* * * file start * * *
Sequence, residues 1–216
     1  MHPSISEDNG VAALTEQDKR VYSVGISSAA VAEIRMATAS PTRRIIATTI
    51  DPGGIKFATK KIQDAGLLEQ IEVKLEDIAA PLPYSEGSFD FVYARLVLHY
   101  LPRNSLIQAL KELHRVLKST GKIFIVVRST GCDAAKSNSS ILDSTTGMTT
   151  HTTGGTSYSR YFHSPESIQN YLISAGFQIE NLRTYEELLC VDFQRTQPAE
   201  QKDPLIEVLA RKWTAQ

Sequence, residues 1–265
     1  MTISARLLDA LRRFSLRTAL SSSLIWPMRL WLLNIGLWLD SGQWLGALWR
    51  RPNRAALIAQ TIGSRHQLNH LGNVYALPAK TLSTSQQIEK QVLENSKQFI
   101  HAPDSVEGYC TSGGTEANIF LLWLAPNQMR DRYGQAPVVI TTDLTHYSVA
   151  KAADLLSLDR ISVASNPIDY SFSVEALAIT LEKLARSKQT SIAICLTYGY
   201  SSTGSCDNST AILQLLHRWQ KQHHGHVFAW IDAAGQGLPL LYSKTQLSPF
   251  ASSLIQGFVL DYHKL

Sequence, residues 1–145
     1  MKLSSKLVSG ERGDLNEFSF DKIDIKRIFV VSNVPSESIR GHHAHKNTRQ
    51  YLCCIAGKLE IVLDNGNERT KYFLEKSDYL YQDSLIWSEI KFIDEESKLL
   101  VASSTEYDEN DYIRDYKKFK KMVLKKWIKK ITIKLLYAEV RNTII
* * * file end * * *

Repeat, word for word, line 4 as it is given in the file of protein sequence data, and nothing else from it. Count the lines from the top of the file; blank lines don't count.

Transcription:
   101  LPRNSLIQAL KELHRVLKST GKIFIVVRST GCDAAKSNSS ILDSTTGMTT